Maternity

India’s maternal mortality ratio drops by 75% in last 2 decades

News Women's Health

India outperformed almost all of its former peers, including neighbors like Bangladesh, Pakistan, and Bhutan, in reducing its maternal mortality ratio (MMR) to less than a quarter of the levels it was at about two decades ago. According to a study of the data from 2007–2009 to 2018–20, the progress has been consistent.

New Delhi: India outperformed nearly all of its former peers, including neighbors like Bangladesh, Pakistan, and Bhutan, in reducing its maternal mortality ratio (MMR) to less than a quarter of the levels it reached about two decades ago. According to a study of the data from 2007–2009 to 2018–20, the progress has been consistent.

The maternal mortality ratio in India was 400 at the turn of the century. India’s MMR decreased from 212 in the sample survey in 2007–09 to 178 over three years in 2010–12 and from 212 to 130 in 2014–16. Maternal mortality decreased by 25% to 97 between the SRS surveys in 2014–16 and 2018–20, demonstrating a consistent trend of declining maternal mortality.

However, states like West Bengal, Haryana, Madhya Pradesh, and Punjab experienced a slower rate of decline than the rest of the country. Additionally, the MMR levels in various Indian states range widely from the least developed countries to the developed world.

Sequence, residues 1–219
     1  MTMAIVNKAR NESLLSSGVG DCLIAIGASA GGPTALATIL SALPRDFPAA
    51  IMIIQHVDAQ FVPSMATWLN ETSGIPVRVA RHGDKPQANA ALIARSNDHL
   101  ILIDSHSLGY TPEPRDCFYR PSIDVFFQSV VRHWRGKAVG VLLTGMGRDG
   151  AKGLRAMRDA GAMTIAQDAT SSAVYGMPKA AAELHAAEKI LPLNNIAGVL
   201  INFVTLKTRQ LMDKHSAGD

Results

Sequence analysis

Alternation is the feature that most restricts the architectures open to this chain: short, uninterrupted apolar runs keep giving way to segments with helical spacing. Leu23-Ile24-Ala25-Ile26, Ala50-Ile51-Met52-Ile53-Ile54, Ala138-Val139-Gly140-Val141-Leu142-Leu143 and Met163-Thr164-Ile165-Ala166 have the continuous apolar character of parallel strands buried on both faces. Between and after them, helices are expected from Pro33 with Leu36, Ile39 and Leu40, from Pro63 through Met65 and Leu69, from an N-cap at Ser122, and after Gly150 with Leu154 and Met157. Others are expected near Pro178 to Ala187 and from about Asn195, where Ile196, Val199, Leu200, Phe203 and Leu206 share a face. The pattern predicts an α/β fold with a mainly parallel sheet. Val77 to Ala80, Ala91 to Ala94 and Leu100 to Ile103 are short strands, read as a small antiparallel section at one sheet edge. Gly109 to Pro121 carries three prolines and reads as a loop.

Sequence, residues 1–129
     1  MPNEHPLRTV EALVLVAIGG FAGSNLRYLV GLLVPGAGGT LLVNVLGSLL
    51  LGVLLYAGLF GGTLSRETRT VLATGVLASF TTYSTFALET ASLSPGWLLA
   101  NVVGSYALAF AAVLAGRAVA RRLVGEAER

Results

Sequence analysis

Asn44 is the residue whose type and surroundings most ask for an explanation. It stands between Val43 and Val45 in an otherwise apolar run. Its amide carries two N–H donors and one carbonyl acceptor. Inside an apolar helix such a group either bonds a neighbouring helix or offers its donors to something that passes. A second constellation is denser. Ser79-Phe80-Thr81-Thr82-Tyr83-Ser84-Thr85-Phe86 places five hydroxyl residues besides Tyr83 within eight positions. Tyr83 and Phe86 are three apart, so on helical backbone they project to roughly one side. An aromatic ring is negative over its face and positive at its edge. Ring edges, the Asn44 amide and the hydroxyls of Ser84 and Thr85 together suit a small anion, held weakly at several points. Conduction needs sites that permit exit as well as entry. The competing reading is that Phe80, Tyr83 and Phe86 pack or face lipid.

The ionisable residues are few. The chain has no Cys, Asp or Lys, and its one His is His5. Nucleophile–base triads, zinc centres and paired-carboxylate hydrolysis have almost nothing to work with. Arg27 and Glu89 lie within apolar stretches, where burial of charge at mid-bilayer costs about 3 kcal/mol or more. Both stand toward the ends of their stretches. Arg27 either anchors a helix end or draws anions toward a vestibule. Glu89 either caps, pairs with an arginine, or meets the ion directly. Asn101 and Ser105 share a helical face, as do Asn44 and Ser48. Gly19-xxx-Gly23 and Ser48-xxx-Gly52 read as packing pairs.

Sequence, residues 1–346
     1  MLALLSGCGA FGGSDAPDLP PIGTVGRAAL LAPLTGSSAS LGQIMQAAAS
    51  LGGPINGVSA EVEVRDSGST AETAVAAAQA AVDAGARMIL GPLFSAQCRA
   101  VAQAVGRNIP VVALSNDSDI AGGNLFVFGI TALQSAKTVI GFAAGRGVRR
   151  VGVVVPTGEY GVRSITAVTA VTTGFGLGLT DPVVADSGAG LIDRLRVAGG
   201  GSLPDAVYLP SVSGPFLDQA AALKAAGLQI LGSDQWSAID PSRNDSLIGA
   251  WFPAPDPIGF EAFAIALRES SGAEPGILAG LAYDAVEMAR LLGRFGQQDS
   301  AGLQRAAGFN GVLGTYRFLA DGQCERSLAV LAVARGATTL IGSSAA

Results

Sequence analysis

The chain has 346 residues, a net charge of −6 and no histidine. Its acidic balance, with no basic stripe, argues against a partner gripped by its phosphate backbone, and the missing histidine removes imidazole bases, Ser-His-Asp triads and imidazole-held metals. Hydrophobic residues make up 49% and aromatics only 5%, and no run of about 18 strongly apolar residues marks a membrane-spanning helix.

At 97 in 2018–20, India’s MMR—the number of maternal deaths over a specified time per 100,000 live births—is on par with Nicaragua, a low-middle-income nation among the least developed in Central America. However, according to data from Unicef, the current MMR of 167 in a state like Uttar Pradesh is roughly comparable to that of war-torn Yemen in 2017. Odisha’s MMR is comparable to Namibia, while Assam’s is on par with Gabon. According to official data, Kerala, which has an MMR of 19, is at the same level as the US after achieving a decrease from 46 in 2014–16. Maharashtra plays Mexico, while Vietnam joins Telangana.

Less than half of the world’s MMR is in India. MMR worldwide in 2017 was 221. Improvements in India impact the global value of this parameter because India accounts for one-fifth of all annual childbirths worldwide. India is on track to meet the sustainable development goal (SDG) of 70 by 2030, thanks to steady improvement.

While only 40% of births occurred in a medical facility in 2005–2006, this proportion increased to 79% over the following ten years and then to 89% by 2019–21. This is one of the leading causes of the sharp decline. Additionally, later marriages and female education have played a role. In 2005–2006, over 47% of women in the 20–24 age range were married by the time they turned 18. In 2015–16, this dropped to 18%, and by 2019–21, the National Family Health Survey (NFHS) 2019–21 reported a further decrease to 15%. In 2005–2006, only about 55% of women were literate; by 2015–16, that number rose to 81%, and by 2019–21, it will reach 83%.

Despite the many accomplishments, Sri Lanka’s MMR of 36 and those of states like Kerala, Maharashtra, Telangana, and Andhra Pradesh demonstrate that other Indian states can also improve quickly. Less than two decades ago, Kerala, for instance, had an MMR of 195, roughly twice the current national level.

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